The Wanderer.

In the words of Maria Von Trapp, "Let's start at the very beginning. It's a very good place to start."

I had a normal life. Normal. Normal. Normal. I went to normal elementary school and continued on to my normal high school. Upon receiving my normal diploma, I spent three and a half normal years in a normal university.

The last semester of university is where things stopped being so normal.

I spent the last 12 weeks of my college career in Rio de Janeiro, approximately 5,068 miles away from all of my friends and family. All my friends were enjoying senior night at BDubs and our last sorority formal and I was laying on the sunny Copacabana beach sipping coconut water out of an actual coconut. Really.

It was during one of these coconut water sipping trips to the beach when I befriended a complete stranger, yet apparently trusted her enough to pursue a job at a school in Honduras where she had previously taught.

A few weeks and a college diploma later, I found myself accepting my very first teaching job. At this school in Honduras. Which I knew nothing about except what said stranger-turned-friend-who-I-met-on-the-beach had told me.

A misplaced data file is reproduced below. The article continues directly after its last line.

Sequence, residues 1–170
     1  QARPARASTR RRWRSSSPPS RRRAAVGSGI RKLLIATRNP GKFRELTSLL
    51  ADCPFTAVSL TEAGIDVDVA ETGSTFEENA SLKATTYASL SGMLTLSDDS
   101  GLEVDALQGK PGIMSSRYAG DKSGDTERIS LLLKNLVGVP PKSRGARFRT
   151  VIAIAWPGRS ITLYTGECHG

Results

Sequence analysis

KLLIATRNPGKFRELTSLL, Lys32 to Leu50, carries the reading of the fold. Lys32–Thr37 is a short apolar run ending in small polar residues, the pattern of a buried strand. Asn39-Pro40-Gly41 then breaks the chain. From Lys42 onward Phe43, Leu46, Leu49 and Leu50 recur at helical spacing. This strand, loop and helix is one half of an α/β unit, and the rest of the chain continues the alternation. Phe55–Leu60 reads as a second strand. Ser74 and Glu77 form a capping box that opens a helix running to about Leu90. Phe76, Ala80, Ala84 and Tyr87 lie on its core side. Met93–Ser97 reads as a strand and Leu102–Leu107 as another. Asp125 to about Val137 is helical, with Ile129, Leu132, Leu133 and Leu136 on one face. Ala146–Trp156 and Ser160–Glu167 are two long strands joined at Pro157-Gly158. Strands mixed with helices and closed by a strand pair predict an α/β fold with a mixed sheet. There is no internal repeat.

I stayed in Honduras for TWO YEARS. (Apparently, I'm an excellent judge of character.) My life hasn't been "normal" since my stint in Rio de Janeiro. Not in the conventional sense, but it has become normal. Normal just looks a lot different now than it ever did before.

My new normal includes constantly living in a state of conversion-- Fahrenheit to Celsius, miles to kilometers, Ohio time to Honduras time to Rio time, dollars to lempira to reais, English to Spanish to Portuguese. My new normal means that I don't know what "home" means anymore. My new normal means that some of my closest friends no longer live across the hall-- they don't even live in the same country.

My new normal includes returning to Rio de Janeiro for another adventure.

My new normal means looking (sometimes harder than I'm willing to) for the love that surrounds me each and every day. It's in the laughter from my students, it's in the group chats with friends back in the States, it's in my principal adjusting my bra strap and tucking in my shirt for me (yeah, that really happened), it's in dinner invitations to restaurants where the owners know your name.

That Dove chocolate wrapper wasn't lying. The love is everywhere; whether that be in the States, or in Honduras, or in Rio de Janeiro, Brazil. Love is literally surrounding you, you just need to open your eyes.

No comments:

Post a Comment